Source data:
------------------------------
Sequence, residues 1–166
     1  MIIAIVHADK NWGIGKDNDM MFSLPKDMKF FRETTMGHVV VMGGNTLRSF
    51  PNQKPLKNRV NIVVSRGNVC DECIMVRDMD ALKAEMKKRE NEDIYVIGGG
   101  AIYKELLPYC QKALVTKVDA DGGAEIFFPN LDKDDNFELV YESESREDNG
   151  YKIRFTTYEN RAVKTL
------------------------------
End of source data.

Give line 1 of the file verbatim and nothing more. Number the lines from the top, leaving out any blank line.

Sequence, residues 1–166